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argonrepublic 30th December 2012 10:13 PM

Isolation transformer
 
I would like to use a set of isolation transformers in my studio. I would likely use 5 in total they would be 120V and unlikely that either would ever see more than 5 amp current.
How do I calculate the rating? What would the physical size be and where is the best source for these?
Thanks

AJT 30th December 2012 10:22 PM

make a list or all equipment in your studio, tabulate power consumption of each, then get total, divide the total by 0.7 to get the va capacity you need...

NissanSR20Man 31st December 2012 03:00 PM

There are premade devices that you require... See Sola-Hevi Duty
Sola/Hevi-Duty Products | Sola MCR Hardwired Series Power Conditioners

The traditional isolation XFMR will do what it states, isolate you from the grid. There are advantages to this, but no other features to help correct issues. If grid sags, the output sags...

Sola offers many products that help correct problems as well as isolate. No I am not a paid person. There are many other companies that offer similar products, Sola is THE brand in industrial applications in the USA. For your size requirements, you might fall into a commercial/industrial solution. Not sure if price is cheaper than DIY, I would assume so.

CZ101 31st December 2012 10:37 PM

Quote:

Originally Posted by argonrepublic (Post 3304857)
I would like to use a set of isolation transformers in my studio. I would likely use 5 in total they would be 120V and unlikely that either would ever see more than 5 amp current.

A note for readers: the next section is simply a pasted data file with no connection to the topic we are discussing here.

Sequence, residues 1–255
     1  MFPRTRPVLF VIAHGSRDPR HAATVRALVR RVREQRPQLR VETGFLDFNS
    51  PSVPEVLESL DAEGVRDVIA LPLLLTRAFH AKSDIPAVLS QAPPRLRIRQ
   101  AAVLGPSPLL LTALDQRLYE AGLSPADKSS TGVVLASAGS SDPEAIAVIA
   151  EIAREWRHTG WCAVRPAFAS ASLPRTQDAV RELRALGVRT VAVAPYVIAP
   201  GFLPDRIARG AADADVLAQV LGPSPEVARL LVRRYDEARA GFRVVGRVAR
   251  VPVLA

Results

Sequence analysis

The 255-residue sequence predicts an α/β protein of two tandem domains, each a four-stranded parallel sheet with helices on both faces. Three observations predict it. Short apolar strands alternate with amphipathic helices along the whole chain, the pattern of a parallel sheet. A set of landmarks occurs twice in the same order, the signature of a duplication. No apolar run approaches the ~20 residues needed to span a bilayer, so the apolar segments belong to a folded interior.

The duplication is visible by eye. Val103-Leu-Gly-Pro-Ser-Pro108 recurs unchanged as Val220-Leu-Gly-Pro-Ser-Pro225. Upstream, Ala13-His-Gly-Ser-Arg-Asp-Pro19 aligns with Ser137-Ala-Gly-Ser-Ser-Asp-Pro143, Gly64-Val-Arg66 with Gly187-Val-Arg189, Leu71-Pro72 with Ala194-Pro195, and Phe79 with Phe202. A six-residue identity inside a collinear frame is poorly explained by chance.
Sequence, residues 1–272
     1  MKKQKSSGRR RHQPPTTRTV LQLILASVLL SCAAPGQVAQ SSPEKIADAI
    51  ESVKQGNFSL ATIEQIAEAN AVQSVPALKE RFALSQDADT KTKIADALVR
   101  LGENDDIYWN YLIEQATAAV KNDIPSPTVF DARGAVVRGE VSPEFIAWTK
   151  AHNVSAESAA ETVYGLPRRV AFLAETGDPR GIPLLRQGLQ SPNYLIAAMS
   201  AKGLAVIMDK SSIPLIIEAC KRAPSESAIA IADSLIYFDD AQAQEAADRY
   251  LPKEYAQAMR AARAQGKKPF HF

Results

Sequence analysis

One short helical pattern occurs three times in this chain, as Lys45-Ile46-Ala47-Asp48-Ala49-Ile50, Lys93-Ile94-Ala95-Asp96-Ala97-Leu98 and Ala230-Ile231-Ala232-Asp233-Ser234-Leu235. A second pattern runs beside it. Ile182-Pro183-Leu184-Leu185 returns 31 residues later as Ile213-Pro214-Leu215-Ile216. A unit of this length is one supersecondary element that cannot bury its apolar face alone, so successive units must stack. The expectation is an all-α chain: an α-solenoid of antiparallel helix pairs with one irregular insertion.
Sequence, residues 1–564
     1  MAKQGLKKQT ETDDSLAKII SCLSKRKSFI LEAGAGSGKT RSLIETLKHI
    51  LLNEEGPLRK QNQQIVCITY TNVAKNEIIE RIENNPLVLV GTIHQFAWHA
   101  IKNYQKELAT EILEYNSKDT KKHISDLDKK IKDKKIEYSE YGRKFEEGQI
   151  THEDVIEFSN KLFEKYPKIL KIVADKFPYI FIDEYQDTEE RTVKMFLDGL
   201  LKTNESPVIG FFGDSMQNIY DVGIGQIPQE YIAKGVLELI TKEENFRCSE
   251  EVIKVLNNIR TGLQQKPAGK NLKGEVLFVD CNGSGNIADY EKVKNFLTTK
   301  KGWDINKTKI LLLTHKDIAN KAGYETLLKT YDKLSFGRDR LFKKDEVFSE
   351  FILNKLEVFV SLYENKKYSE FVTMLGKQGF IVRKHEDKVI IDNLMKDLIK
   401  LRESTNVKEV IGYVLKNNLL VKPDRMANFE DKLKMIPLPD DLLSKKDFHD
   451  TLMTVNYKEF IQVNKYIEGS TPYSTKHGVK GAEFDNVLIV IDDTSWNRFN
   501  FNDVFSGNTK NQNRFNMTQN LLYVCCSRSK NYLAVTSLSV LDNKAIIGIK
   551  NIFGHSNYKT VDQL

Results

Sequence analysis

How do I calculate the rating? What would the physical size be and where is the best source for these?
Thanks

Hey I have often wondered if using multiple isolation transformers for separate but connected pieces of gear could potentially introduce grounding problems?

Would anyone care to comment?

Speedskater 1st January 2013 05:21 PM

Well the more transformers, the more chances of wiring them up wrong!
The current best thinking is to put everything on one circuit. (with the exception of real big power amps) To reduce the length of AC power cables between components.

Before doing anything read this paper, starting at page 19.

http://www.middleatlantic.com/pdf/PowerPaper.pdf

GoatGuy 4th January 2013 04:37 PM

Dunno... but in my experience, a good SINGLE, high-power isolation transformer is helpful - in eliminating floating ground problems, mis-wired power wall sockets, stupid shortcomings of the abode power system, and the influence of back-current and DC current from other sources.

The single transformer though should be selected/wired though to step UP the voltage a bit, on the average. Measure line voltage. Say it is 113 volts. Choose a set of winding combinations that produces an output less than 130 volts, but close to it! Any further sags in power should now fall within the tolerances of your equipment. Even if you go significantly over-voltage (toward 140 VAC), there are precious few pieces of equipment that will even so much as burp with the higher drive voltage. Best though is to be close to 130 V. The same argument goes for european 220/240 volt circuits.

Then, on the output (secondary) of the isolation transformer, add the usual combination of inductors and A/C capacitors to make a rudimentary high-frequency interference squelch circuit. All your devices will be happy! You could even then include (on the primary) both filtering LC devices as well as overvoltage clamps and high-energy transient suppressors.

Happy filtering!

GoatGuy


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